Pretty was questioned about the absentee ballots cast by Jamie and Danny Jennings. In her testimony on Nov. 20, Jamie Jennings said she and her husband live in House District 44 and that she believes they were sent the wrong ballots.
Danny Jennings was looked up in the system and Pretty walked the court through the process.
Pretty said it has happened in the past that voters have gotten the wrong absentee ballots because of human error. Pretty has worked at the Cleveland County Election Board full time since 1999, when Paula Roberts was election board secretary.
“Usually they call and tell us if they realize they’ve gotten the wrong ballot,” Pretty said.
Bledsoe asked what voters are told if they call about voting at a previous polling place.
“I was taught when I first started working at the election board that a voter could return to their precinct where they were voting previously and they could vote once,” Pretty said.
She said voters should also be told to change their voter registration at that time to reflect the address change.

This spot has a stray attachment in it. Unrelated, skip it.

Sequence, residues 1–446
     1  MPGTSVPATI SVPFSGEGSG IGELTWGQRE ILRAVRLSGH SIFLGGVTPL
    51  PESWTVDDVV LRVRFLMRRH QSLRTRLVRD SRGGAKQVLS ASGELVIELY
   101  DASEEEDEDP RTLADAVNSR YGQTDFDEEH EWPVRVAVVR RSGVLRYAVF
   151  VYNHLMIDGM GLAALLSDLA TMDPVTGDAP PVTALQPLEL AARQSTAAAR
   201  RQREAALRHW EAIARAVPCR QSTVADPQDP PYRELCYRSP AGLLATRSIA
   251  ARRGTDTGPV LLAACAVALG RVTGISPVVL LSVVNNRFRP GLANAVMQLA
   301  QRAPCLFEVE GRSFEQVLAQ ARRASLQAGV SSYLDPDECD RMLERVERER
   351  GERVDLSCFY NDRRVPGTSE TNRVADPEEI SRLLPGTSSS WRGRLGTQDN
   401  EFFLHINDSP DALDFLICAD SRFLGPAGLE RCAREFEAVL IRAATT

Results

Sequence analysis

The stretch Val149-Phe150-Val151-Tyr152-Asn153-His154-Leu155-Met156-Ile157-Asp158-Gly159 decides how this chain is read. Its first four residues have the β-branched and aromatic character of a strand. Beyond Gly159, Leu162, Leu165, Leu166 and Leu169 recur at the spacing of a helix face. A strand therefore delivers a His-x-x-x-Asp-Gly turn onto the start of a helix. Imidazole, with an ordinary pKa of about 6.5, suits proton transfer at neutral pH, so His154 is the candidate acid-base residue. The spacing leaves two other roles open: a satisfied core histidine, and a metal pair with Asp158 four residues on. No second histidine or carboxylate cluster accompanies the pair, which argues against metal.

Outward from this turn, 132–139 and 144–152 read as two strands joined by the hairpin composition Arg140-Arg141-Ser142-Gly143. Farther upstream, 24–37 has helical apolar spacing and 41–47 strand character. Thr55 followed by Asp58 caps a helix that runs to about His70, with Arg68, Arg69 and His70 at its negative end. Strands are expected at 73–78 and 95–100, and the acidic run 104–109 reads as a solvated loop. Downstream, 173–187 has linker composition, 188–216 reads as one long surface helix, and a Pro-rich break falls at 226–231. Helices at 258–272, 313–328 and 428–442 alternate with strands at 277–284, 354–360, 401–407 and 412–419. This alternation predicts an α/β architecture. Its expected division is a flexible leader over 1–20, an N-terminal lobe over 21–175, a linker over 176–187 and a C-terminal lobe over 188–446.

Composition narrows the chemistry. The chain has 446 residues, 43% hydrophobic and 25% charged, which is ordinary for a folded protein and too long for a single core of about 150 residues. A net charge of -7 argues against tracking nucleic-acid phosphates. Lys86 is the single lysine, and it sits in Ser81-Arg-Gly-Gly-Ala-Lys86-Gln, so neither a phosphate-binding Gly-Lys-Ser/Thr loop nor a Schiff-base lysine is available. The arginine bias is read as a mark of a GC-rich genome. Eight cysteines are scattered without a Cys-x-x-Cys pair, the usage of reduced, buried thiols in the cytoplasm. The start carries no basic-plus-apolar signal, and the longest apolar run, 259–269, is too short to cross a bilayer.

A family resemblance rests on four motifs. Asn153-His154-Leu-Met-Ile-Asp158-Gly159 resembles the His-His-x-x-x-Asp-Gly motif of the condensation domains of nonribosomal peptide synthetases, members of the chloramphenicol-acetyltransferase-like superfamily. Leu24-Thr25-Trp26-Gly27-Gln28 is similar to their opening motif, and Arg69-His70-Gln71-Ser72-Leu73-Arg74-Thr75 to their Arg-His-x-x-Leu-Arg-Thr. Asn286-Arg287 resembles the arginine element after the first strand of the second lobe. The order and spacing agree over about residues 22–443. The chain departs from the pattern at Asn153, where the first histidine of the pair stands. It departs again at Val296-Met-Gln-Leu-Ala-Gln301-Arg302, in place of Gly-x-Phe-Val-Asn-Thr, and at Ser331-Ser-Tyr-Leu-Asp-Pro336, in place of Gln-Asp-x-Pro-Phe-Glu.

Pretty said voting officials are not trained to look at the voter address on ID.
“We do not look at the address, just the ID photo and expiration date,” Pretty said.
Bledsoe questioned Pretty on the “Secretary’s Digest.”
“It’s our bible,” Pretty said and described the document as a guideline to election procedures and state election laws.
One of Bledsoe’s allegations regarded notaries who had notarized absentee ballots. He produced evidence that some notaries had let their certifications expire. He also presented other miner clerical discrepancies on the affidavits.
In those cases, it is unknown who those persons voted for in the election or if they voted for either candidate in House District 45.
At one point in the proceedings, Bledsoe asked that the judge disqualify herself on the basis that she had violated their civil rights. Attorneys argued their various viewpoints in sidebar without making the details public.